It is not often that concept, mood, music and place coincide perfectly. On the first night of Opera della Luna’s La Fille du Regiment at Iford Opera in Wiltshire, England we arrived with doubts (rather large doubts it should be admitted)as to whether Donizetti’s “naive and vulgar” romp of militarism and proto-feminism, peopled with hordes of gun-toting soldiers and praying peasants, could hardly be contained, surely, inside Iford’s tiny cloister?
‘Lovers and madmen have such seething brains,/ Such shaping fantasies,
that apprehend/ More than cool reason ever comprehends.’
Belgian soprano Sophie Karthäuser has a rich range of vocal resources upon
which to draw: she has power and also precision; her top is bright and glinting
and it is complemented by a surprisingly full and rich lower register; she can
charm with a flowing lyrical line, but is also willing to take musical risks to
convey emotion and embody character.
05 Aug 2012
Glyndebourne : Ravel Double Bill L'enfant et les sortilèges, L'heure espagnole
Surrealist fantasy with wit and style! L'heure espagnole and L'enfant et les sortilèges, the Ravel Double Bill at Glyndebourne, mixes charm, intelligence and nightmare.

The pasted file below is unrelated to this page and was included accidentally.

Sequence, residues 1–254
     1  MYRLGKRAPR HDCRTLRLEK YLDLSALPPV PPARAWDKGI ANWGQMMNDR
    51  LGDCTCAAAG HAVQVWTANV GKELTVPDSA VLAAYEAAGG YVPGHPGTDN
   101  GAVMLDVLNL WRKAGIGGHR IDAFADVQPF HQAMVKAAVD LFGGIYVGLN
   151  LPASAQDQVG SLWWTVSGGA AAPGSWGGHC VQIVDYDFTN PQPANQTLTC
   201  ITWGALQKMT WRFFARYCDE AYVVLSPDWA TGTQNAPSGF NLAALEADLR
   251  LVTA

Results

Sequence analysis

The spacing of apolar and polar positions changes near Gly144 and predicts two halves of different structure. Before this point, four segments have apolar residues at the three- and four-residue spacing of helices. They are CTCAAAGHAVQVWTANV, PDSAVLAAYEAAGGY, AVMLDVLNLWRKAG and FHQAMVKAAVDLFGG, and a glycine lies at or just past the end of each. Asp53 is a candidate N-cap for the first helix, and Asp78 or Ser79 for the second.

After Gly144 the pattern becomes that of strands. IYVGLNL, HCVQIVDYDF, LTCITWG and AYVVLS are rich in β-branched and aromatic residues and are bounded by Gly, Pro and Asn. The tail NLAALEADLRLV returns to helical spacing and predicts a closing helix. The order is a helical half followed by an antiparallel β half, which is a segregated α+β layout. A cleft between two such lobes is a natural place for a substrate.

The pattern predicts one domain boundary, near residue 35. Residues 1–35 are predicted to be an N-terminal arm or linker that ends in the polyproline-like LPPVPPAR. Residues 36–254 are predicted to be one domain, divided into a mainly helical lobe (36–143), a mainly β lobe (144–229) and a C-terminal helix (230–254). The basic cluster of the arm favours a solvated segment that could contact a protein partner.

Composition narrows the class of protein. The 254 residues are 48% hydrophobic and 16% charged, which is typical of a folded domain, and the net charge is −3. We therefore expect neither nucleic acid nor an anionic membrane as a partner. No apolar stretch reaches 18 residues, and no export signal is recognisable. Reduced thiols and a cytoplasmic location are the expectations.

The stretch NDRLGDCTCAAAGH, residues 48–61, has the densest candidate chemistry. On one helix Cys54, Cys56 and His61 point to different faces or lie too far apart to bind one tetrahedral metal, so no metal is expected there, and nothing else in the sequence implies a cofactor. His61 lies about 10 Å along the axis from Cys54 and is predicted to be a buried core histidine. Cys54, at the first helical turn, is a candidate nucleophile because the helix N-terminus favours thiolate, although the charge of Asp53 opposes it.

The audience applauded the scenery, but this time the praise was sincere. Ravel's music and ideas come alive. I'm tempted to say, "beyond our wildest dreams", because dreams release the creative imagination. Ravel begins L'enfant et les sortilèges with strange mock-orientalism, to emphasize the alien nature of what is to come. The child (Khatouna Gadelia) throws a tantrum, reflected in the stamping ostinato in the music, and the repetitive, angular vocal line. "Méchant! Méchant! Méchant!". Table, chair and Maman's skirts loom menacingly, overwhelming the child. This is what it feels to be little, dwarfed by the world of adults. The child rebels and rips his room apart. But the objects he wrecks have feelings, too.
"L'enfant et les sortilèges" says director Laurent Pelly "lasts about 45 minutes, but has the depth of an opera of three or four hours". (read the interview in Opera Today here). Ravel's music is extraordinarliy vivid, but his concepts don't easily translate into visual images. Pelly, however, is a master at bringing abstract ideas to life, as anyone who has seen his Glyndebourne Humperdinck Hansel und Gretel would know. The Teapot and the Chinese cup dance, their "human" bodies exposed beneath the hard exteriors of their form. Ravel glories in mad chinoiserie, which conductor Kazushi Ono plays up with manic relish. The words aren't real but dadaist invention, even in Colette's original. At Glyndebourne the surtitles flash "Sessue Hayakawa" .Since this Glyndebourne production is a co-production with Seiji Osawa's Saito Kinen Festival, it will be seen by Japanese audiences who will get the joke (and can read the nonsense "Chinese" writing). Hayakawa was a Hollywood megastar from the 1920's, who subtly subverted western stereotypes of Asian people. Ravel is sending up the whole notion of western attitudes to the East.